SA’s battered middle class got another dose of bad news this week – a green paper on Comprehensive Social Security and Retirement Reform that proposes setting up a new fund that will provide pensions to formal, informal and self-employed workers who reach retirement.
It also proposes providing disability benefits to those physically unable to work, and survivor benefits to their dependants should they not live until retirement.
Contributions to the pension and risk benefit components of the proposed National Social Security Fund (NSSF) will be pooled, with risks being shared between all contributors.
According to the green paper, the scheme will be funded by way of a mandatory pension payroll contribution of 8-12% of earnings “to be met by employees and employers, at the establishment of the NSSF”.
‘Floor and ceiling to contributions’
“There will be both a floor and a ceiling to contributions: it is proposed that workers earning less than R20 000 per year should not be obliged to contribute to the NSSF, though they will continue to contribute to the UIF [Unemployment Insurance Fund]. Those earning more than the ceiling R276 000 per annum or R23 000 per month, at present will not be obligated to contribute on income above that level.”
At retirement, a worker who contributed to the NSSF will receive a pension calculated according to a formula based on lifetime wages, length of service, and an accrual rate which will determine what percentage of yearly income is paid out.
This would be a defined benefit scheme, meaning pensioners would be paid out at a rate linked to wage inflation rather than at a rate linked to market performance of the amount saved.
National Treasury has tried to play down the publication of the Green Paper saying “it is not policy”. However, clearly there is some level of intent by government on this proposal with the Department of Social Development’s publication of the Green Paper.
Cas Coovadia, CEO of Business Unity South Africa (Busa), says the core proposals in the paper are not new and discussions around this have been going on for several years.
“We would urge government to consider a balanced approach between the public and private sector’s role in a social security system. Any proposed system must build on what we have and must be considered within the context of the serious fiscal crisis SA is in. We also note that the NSSF is proposed as a defined benefit scheme. In this instance, we must protect the interests of younger people and balance these against those already retired.
“We will engage on the green paper but are concerned about suggestions in the document of centralised funds to which taxpayers are asked to contribute.
“SA taxpayers, particularly corporates, are already taxed at some of the highest rates globally and levying additional taxes will be counter-productive to economic growth.”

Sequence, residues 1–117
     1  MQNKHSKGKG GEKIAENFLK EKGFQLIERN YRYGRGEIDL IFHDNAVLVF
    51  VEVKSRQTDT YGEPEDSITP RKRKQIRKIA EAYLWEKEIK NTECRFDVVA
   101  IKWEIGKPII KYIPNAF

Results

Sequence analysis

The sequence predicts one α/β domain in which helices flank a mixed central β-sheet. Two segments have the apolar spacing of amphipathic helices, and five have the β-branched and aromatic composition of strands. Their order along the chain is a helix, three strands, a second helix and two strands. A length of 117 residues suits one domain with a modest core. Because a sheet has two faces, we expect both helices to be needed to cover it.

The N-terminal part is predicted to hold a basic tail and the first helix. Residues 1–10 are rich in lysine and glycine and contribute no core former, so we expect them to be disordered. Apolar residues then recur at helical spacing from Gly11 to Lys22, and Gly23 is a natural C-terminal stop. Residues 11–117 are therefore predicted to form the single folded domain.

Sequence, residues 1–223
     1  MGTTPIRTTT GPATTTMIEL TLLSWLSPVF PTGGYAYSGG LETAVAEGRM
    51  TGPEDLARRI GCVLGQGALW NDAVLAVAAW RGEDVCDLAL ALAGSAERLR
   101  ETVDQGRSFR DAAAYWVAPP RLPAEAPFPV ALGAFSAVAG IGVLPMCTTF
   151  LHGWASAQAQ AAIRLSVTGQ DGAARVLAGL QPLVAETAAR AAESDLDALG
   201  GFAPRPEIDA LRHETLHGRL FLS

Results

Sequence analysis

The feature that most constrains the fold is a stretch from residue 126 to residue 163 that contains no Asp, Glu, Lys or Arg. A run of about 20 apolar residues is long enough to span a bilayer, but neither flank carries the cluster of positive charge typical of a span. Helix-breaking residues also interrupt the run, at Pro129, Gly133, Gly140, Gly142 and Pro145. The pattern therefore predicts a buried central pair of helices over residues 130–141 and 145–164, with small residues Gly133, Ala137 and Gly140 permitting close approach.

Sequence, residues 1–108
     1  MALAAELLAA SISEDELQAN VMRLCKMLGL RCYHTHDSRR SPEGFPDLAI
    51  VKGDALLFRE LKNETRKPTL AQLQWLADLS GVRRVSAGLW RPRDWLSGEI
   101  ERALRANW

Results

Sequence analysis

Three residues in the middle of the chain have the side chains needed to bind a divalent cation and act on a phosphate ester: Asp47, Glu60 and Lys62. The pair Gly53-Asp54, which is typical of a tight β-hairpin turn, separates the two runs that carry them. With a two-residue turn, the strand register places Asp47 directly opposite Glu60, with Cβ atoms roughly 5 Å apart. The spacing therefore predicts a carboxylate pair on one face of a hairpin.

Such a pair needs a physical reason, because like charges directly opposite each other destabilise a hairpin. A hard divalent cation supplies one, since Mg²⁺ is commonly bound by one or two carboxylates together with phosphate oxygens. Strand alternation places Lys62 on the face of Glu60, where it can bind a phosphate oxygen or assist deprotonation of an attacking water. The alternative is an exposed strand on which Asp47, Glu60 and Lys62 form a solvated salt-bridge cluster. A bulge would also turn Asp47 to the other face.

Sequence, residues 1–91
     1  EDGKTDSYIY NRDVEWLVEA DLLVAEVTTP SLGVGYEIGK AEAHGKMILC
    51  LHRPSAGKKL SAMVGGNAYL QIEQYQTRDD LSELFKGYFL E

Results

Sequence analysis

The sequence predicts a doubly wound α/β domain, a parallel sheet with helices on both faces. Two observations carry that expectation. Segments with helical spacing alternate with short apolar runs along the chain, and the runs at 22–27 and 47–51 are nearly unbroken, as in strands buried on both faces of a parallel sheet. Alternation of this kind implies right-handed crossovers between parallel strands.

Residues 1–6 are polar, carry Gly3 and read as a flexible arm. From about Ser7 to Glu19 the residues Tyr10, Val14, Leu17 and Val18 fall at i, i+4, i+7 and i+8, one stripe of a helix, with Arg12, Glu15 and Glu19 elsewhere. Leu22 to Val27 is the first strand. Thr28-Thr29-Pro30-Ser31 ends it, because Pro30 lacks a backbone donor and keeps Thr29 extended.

Adds Johan Gouws, head of advice at Sasfin Wealth: “This green paper comes as a bit of surprise to many of us, coming as it does on top of the National Health Insurance proposals, and the exit tax for emigrants, and the discussion around prescribed assets.”
“I think we have to be careful we don’t move from state capture to private wealth capture,” says Gouws.
“The middle class is under a tremendous amount of stress at the moment and this proposed mandatory deduction of up to 12% of earnings, paid for by both employees and employers, would place them under even more stress.”
Areas that are lacking
Association for Savings and Investment South Africa (Asisa) senior policy advisor Dr Stephen Smith says the green paper identifies three areas within the public social protection system that are lacking: a basic contributory state pension, statutory health insurance, and adequate income security for those aged 18 to 59.
Smith says it is important that future social security reform programmes build on, rather than disrupt, the existing contractual savings and life insurance arrangements of both public and private sector employees. “It is these savings pools that finance much of the country’s investment requirements and fund South Africa’s capital market.
“A state pension that is used to pool and subsidise risks between workers has to be balanced against what proportion of income remains for the funding of an adequate pension related to an individual’s accustomed standard of living.”
Existing contributors to retirement savings funds are already struggling to preserve what they have accumulated, asking for access to their long-term retirement savings.
Listen to the SAfm Market Update interview with Fifi Peters and Sasfin’s Johan Gouws on the topic:
The interests of the young
As a defined benefit scheme, a percentage of contributions made today will be used to fund those who have retired.
“The interests of the future young need to be protected against what is viewed by our actuaries as a strong likelihood of ever-increasing contributions to fund benefit promises,” says Smith, adding that it is important to have clarity on how the promises embedded in the design of the NSSF system will impact on the fiscus.
According to Smith, it needs to be ensured that future social security reform programmes do not inhibit employment creation.
“A job is still the best form of security. Social security is a safety net when all else fails.”
Smith says the Covid-19 pandemic and the consequences of the economic lockdowns have highlighted the urgent need for the appropriate social protection, particularly of informal and vulnerable workers.
“We need solutions to provide protection for these workers, to provide support through unemployment and saving through to retirement as existing legislation and structures are not designed to cater for their needs.
“Asisa sees this as the most urgent issue to solve.”